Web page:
In Dickinson’s poem, “Because I Could Not Stop for Death,” the speaker is so busily doing this that, throughout every stage of her life, that she hardly even notices that the life she is living is quickly passing her by. So much so, in fact, that she is completely unprepared to face death when the moment arrives. The unexpected visit from the Grim Reaper catches her off guard. Though she has lived her life, it is unclear whether or not she really accomplished everything she had set out to do. The fact that she is so surprised to learn that she is not immortal and cannot control death shows that she may have been going through the motions of living, instead of actually living in the moment each and every day. Dickinson points out the importance of stopping to smell the roses in life, to cherish the small things along the way. The speaker in the poem is so busy that she did not stop and notice life as it was happening, and, before she knew it, life was over. Death is the one thing that she cannot control or put off until the next day. Just as Sarah MacLauchlan’s song, “I Will Remember You,” suggests, “Don't let your life pass you by. Weep not for the memories.” Moments should be savored before they are gone. Similarly, Harry Chapin’s song, “Cats in the Cradle,” is all about the regrets of a father who did not spend his time wisely and who prioritized all the wrong things while he was raising his son. He regretted not being more active in his son’s life, and, when he finally realized his mistake, it was too late and he regrettably noted that “my son is just like me.” Peter Meinke’s poem, “Untitled,” also exemplifies a father who has regret and remorse after he realizes the effects his abusive behavior had on his son, Peter. Sometimes, acknowledging the truth of a situation can be more difficult than the situation itself was.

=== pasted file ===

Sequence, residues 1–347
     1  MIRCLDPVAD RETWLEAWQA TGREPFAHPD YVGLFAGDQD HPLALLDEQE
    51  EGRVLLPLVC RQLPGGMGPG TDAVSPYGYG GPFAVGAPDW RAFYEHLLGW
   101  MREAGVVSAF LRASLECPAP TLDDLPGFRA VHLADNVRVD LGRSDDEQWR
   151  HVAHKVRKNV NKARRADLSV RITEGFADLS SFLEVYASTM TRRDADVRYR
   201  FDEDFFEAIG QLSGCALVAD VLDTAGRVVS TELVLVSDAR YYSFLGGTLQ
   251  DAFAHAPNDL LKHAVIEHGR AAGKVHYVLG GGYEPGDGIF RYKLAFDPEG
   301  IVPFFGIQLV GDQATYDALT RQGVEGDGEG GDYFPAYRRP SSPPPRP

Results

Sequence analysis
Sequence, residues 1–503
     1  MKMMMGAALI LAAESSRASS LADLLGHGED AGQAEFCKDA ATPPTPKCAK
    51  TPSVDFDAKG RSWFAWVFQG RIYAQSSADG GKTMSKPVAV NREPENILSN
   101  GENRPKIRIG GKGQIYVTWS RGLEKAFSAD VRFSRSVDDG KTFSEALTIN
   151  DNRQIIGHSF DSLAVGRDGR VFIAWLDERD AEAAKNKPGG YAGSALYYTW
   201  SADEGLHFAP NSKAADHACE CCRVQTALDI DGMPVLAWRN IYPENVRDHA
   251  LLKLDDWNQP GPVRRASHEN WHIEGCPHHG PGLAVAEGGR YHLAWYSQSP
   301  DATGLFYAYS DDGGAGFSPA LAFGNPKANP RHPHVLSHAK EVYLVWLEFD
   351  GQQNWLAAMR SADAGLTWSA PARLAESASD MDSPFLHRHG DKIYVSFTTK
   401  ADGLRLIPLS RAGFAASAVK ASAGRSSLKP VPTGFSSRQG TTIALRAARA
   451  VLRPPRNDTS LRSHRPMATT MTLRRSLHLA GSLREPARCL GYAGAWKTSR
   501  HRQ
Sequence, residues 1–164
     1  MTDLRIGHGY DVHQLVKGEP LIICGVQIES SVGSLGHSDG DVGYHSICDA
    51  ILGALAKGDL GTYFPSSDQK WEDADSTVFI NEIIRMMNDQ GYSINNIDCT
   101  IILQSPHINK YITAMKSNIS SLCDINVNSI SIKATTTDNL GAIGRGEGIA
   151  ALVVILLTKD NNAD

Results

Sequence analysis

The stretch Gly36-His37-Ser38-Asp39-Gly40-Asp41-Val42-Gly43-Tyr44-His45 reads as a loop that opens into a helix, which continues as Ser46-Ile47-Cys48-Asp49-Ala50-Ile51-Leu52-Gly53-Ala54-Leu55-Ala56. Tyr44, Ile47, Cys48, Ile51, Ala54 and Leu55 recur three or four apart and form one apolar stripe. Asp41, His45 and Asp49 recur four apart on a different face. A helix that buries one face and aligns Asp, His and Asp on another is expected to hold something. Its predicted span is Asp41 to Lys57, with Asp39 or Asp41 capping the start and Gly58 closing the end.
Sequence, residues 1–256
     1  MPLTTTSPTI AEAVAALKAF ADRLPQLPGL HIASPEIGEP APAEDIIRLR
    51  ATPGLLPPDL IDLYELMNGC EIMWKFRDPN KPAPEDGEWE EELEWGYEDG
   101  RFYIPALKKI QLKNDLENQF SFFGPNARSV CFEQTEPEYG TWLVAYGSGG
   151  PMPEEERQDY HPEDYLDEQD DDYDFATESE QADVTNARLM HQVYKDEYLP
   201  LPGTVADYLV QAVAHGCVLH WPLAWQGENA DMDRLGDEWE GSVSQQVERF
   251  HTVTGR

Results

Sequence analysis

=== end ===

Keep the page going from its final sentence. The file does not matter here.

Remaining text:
It is revealed in Emily Dickinson’s poem, “Tell the Truth but tell it slant,” that telling the true is not always a good thing. In fact, telling a little white lie may be the best option, for both the liar and the one to whom the lie is being told. The person who is hearing the lie may not say it aloud, but he or she does not want to hear the truth. The person would rather believe what he or she wants to believe. Sometimes, in the face of painful truths, it is easier to look the other way than to have to face what has happened. “The Truth must dazzle gradually, Or every man be blind---” (lines 7-8). If the truth were to be spilled all at once, that might cause someone to have a heart attack. Like the saying goes, “What mama don’t know won’t hurt her.” Some things are better left unsaid, especially when it comes to the truth of what certain children have done (line 5). It is not always easy to control what comes out of one’s mouth in times of great stress. Likewise, it is not easy to control one’s thoughts, chiefly at the most frantic, hectic times.